Joint education provision; a relief or challenge to quality education services in Uganda: a study in Buganda region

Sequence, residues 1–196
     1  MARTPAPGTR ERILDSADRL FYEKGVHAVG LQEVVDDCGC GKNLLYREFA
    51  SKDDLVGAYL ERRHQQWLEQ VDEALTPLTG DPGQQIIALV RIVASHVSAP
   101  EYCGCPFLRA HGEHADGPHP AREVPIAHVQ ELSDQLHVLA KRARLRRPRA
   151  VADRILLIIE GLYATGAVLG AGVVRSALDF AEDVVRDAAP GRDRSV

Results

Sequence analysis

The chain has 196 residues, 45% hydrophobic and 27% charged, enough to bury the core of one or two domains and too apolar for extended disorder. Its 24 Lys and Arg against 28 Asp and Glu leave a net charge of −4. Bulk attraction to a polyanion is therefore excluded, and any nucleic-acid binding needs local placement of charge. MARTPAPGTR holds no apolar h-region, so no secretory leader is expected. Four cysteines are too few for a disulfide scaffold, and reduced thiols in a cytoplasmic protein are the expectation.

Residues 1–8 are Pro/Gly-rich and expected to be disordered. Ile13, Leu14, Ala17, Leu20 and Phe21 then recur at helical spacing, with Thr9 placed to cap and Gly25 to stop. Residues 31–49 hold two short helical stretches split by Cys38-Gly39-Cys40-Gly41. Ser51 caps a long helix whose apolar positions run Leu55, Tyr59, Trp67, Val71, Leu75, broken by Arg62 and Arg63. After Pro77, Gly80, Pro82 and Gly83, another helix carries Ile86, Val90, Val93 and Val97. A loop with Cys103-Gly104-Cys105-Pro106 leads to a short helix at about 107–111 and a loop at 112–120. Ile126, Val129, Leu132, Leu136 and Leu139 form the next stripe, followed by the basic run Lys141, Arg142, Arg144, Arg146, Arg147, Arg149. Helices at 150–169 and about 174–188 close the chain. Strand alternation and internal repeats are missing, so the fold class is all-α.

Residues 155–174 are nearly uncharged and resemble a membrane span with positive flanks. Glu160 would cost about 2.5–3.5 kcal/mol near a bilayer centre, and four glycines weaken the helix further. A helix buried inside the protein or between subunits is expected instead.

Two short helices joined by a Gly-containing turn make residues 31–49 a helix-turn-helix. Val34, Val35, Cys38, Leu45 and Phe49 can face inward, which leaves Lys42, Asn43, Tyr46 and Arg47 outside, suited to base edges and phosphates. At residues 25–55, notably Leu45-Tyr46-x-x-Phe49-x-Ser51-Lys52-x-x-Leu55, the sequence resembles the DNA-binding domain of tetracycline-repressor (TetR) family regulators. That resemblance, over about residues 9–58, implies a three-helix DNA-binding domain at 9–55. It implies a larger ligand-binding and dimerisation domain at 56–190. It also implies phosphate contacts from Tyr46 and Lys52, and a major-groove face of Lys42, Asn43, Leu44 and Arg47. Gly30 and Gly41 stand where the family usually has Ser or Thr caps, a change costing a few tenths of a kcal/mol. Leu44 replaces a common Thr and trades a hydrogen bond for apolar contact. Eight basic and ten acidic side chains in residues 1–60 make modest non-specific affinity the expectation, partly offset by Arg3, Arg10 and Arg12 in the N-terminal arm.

The National Constitution of Uganda clearly underscores the fact that education is a right of every Ugandan. The same document also stipulates the role of the Government and other stakeholders in providing education. It is from this mother document that also the other key providers of education services derive their mandate. In Uganda, providers of education are either private or public. In some cases the government takes over the management and day today running of some schools whose founder body is private. This is mostly for those schools that are founded by the religious bodies. Hence coining of the term ‘government aided’ schools. Even in the previously entirely public owned schools, government has introduced cost sharing as it cultivates the culture of having the parents, too, share in the task of shouldering some operational costs like lunch & scholastic materials for their children, among others. Hence, the purely public school has quickly faded off the Ministry of Education vocabulary and the government aided has come to be the key term embracing all schools with a government attachment. Grounded in the Ugandan education system’s practice of joint education service delivery, without losing sight of the bulk of private education providers, this study sought to test whether the quality of education delivered today is better, than what it would be if one stakeholder provided the service. The study in general investigated the problems that affect the Ugandan school system, reviewed government position in lower levels of academia, and gave policy recommendations and suggestions of boosting school performance in light of the current performance. A low resource base is reported as one of the key problems that Ugandan schools still have to grapple with. It in turn has accounted for substandard infrastructure, poor library systems, inadequate teacher remunerations and appalling student housing problems in a number of schools, among other challenges. The government stewardship through the Ministry of Education and Sports was also found wanting in some aspects. Increasing funding to the education sector was one of the recommended policy interventions. Consultation of all stake holders even those in the private sector was highly encouraged in order to foster unity and flatten the ground between different school ownerships. This is projected to reduce the gap between private and public institutions and build a more sound education system founded in performance & qualitative delivery as opposed to institutional ownership. The coverage of this study could have been wider, but time and monetary resources were key hampering factors to a more exhaustive and comprehensive coverage. It is therefore my strong recommendation that a corrective study ought to be done. This should raise more palliative approaches to improving performance between public and private sector. The government also needs to realise that Uganda is a developing country and education is a priority that is highly needed to achieve and sustain development. They should therefore control most of the educational institutions as opposed to leaving majority of them in the hands of private institution owners. The government too needs to improve its performance as regards the role of stewardship in its institutions. In as far as achieving the objectives of the study are concerned, the study was largely successful.
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